- "He ain't heavy, he's my brother": Morgan Meston writes: "I have no references at hand to prove it, but I believe this statement is attributed to a child at Boys Town. It may be folklore." Yes indeed, Morgan is correct. For the full story, see Oft Quoted
- "You ain't seen nothing yet." - Although this is a commonly used phrase Hisao Tomihari notes that it probably comes from Al Jolson's line "you ain't heard nothing yet." It is justly famous, being Al's first spoken words in one of the first ever talking pictures, The Jazz Singer (1927) and one he used throughout his career.
"It's better to deal with possibility than likelihood." - Hisao points out that this is yet another reference to General Carl Von Causewitz. See Oft Quoted Chapter 15:
- Ozymandias - a poem by Percy Blythe Shelley, about a marker proclaiming the wondrous work of a long-dead king...in front of a pile of ruins. See Poetry
- "What an unlovely little bastard." - Brian J. Meyers thought it might have been from Oliver Twist by Charles Dickens. Nope, I read through it and it's not there. Nor is it in David Copperfield, but that's as far as I'll go on that line of research. In the McNally novels by Lawrence Sanders, Archie's father is plowing through everything Dickens wrote, but he is obviously a better man than I. I'll read A Christmas Carol once a year, but that's it.
- "Ever will thou love and she be fair" - John Keats, Poems , Ode on a Grecian Urn, stanza 2: "Forever wilt thou love, and she be fair!" See Poetry
- "Captains Courageous" - Iain Campbell caught this. A book by Rudyard Kipling about a spoiled rich kid who falls off a yacht and is rescued by fishermen. Through them he learns about the rewards of hard work and genuine friendship. And the fun thing is that the 1937 movie version starred "Spencer" Tracy.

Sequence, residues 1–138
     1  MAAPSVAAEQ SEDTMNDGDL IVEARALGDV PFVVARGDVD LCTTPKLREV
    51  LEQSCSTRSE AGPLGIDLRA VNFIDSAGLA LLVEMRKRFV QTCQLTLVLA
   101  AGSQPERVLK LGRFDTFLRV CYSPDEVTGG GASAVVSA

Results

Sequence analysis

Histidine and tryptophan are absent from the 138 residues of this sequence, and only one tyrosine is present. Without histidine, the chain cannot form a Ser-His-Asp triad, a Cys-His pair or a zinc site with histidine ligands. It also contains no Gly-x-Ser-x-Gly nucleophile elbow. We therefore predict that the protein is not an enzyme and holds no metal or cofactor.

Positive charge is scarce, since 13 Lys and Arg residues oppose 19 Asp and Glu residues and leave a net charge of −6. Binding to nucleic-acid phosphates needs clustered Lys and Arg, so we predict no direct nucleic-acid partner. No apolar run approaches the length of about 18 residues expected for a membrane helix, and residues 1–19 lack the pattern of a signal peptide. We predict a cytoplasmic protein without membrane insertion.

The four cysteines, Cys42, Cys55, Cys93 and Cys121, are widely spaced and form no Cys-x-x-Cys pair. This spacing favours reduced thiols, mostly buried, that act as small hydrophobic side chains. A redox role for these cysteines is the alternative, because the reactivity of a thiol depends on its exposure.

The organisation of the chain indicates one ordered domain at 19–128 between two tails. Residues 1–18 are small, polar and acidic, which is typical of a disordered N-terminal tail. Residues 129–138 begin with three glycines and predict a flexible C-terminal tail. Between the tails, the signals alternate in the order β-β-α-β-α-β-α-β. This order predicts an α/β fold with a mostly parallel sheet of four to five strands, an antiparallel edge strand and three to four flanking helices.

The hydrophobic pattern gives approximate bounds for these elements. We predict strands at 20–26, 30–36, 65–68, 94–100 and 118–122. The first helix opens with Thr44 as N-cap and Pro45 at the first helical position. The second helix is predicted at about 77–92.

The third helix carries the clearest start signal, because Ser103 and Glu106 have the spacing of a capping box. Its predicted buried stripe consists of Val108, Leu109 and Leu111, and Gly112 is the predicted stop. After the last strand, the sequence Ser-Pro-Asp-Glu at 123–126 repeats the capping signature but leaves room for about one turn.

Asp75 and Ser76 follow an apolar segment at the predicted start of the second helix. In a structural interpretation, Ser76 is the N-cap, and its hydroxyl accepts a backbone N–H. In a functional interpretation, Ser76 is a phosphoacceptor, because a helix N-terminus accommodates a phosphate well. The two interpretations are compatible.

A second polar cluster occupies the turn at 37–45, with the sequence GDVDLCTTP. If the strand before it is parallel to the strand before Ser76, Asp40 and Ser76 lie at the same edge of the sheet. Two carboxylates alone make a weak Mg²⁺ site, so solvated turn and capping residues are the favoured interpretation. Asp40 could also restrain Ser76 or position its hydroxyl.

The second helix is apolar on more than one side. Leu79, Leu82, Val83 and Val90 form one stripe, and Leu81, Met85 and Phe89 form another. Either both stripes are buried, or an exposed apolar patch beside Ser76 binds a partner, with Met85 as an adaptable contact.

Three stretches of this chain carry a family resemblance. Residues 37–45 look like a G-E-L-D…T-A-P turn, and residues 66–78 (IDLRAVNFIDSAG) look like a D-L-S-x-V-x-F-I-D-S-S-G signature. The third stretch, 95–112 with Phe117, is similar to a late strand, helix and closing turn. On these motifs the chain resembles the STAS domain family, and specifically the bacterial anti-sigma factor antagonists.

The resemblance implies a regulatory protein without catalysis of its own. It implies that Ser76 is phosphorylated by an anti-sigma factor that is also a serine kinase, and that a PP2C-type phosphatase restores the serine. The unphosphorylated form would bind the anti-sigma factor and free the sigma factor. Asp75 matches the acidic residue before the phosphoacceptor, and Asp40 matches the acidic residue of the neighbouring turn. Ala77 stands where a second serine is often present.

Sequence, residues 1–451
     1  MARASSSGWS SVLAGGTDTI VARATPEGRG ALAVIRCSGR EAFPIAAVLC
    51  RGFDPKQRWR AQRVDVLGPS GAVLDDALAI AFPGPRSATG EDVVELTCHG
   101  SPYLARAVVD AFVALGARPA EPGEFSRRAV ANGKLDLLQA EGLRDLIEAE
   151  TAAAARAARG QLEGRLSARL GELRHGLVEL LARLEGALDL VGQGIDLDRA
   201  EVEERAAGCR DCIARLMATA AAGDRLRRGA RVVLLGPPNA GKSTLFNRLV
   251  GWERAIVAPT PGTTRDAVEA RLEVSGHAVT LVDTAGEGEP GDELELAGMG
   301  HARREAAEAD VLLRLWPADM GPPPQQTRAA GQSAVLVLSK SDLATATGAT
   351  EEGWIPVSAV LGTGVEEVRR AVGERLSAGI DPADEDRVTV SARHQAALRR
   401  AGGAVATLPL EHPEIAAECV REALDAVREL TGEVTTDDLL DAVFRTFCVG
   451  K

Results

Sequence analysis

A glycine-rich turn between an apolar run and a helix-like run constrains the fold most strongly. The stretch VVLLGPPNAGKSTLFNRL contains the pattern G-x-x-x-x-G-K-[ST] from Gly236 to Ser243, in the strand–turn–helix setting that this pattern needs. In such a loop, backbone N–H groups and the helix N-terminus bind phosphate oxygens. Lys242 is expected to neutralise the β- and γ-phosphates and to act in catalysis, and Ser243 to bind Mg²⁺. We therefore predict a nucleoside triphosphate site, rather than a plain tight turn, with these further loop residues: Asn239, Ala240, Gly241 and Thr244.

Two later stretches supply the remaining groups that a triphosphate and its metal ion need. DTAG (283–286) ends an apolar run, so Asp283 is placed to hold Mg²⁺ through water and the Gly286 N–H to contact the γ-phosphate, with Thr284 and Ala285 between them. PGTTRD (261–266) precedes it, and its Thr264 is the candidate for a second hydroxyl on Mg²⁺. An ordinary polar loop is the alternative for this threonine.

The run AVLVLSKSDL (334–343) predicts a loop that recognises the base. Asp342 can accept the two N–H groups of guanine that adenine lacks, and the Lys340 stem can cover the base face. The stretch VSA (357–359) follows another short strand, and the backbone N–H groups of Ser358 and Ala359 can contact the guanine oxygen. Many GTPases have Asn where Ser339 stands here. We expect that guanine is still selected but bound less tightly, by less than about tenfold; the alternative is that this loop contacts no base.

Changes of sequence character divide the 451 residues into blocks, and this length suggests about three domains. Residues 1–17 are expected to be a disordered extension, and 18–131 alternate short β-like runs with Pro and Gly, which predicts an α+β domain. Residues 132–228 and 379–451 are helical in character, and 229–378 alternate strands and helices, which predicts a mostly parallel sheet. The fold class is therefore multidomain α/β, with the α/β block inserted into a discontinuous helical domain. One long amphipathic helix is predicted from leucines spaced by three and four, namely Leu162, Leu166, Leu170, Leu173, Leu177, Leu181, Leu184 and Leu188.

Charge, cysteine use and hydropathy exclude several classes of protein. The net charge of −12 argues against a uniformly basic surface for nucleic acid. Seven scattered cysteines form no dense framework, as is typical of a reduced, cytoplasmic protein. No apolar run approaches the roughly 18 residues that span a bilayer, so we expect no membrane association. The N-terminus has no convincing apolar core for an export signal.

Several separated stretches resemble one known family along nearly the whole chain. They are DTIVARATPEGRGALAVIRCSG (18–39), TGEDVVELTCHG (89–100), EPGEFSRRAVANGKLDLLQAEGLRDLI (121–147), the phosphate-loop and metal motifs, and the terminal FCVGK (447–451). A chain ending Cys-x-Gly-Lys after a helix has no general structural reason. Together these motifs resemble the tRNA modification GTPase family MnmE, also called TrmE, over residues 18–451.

- "The Total Woman." - a book by Marabel Morgan, 1973.
- "Mr. Chips" - Susan is referring to Goodbye Mr. Chips, a 1939 movie about a teacher at an English boy's school. Robert Donat starred in what has been called "one of filmdom's most heartwarming roles." Dennis Tallet chided me for originally typing "Robert Duvall" above. Where was my mind, and why is Dr. Freud lighting up another cigar?
- "Readiness is all" - See Oft Quoted.
- "Bare ruin[e]d choirs where late the sweet birds sang" - See Oft Quoted and Poetry (Sonnet 73)
- "Put them together and what have you got? Bibbity-bobbity-boo" - Walt Disney, Cinderella. See Lyrics
- "I could not love thee, dear, so much, [/] lov[e]d I not honor more" - Richard Lovelace, Lucasta, . To Lucasta, Going to the Wars, stanza 3.
Chapter 1: Better neighbors?
- "I was half a block from Brooks Brothers and right over a bank. I felt right at home. In the bank they did the same kind of stuff the fortune teller and the bookie had done. But they dressed better."
Chapter 1: Is she considering the merits of catch and release?
- "'Gentleman of the same name used to be a hockey player.'
- 'Oh, I'm afraid I don't follow sports much.'
- 'No shame to it," I said. "Matter of not being raised properly. Not your fault at all.'
- She smiled again, although this time it was a little unsure, as if now that she had me she wasn't certain she wanted me. It's a look I've seen a lot."
Chapter 2: What exactly does rancid lard sound like?
- "I turned on the radio. A disc jockey with a voice like rancid lard was describing how much he liked the new record by Neil Diamond. Then Neil began to sing his new record. I shut it off."
Chapter 3: Those kinky policemen...
- "'I enjoy meeting policemen. Sometimes if you're good they let you play with their handcuffs.'"
Chapter 3: Let your knuckles do the walking
- "I said, 'Name's Spenser, with an S, like the poet. I'm in the Boston book.' I stepped through the door and closed it. Then I opened it again and stuck my head back into the hall. 'Under Tough,' I said."
Chapter 6: What wine goes best with peanuts?
- "'You owe me for this,' she said. She had barely sipped at a paper cup of beer in one hand. There was a lipstick half moon on the rim.
- 'They don't sell champagne by the paper cup here,' I said.
- 'Then how about a Graves?'
- 'You want me to get beat up,' I said. 'Go up and ask if they sell a saucy little white Bordeaux?'"
Chapter 19: Yeah, but Army chow more resembles a food like substance
- "Patty's idea of fancy was to put Cheez Whiz on the broccoli. I didn't mind that. I used to like the food in the army."
Chapter 12: I'll bet he graduated cum laude from the school of hard knocks
- "'Try and look like an upwardly mobile nineteen-year-old scientist,' I said.
- 'I am, bawse. I got a doctor of scuffle degree.'"
Chapter 14: The bare essentials
- "'And you plan to teach him.'
- 'I'll teach him what I know. I know how to do carpentry. I know how to cook. I know how to punch. I know how to act.'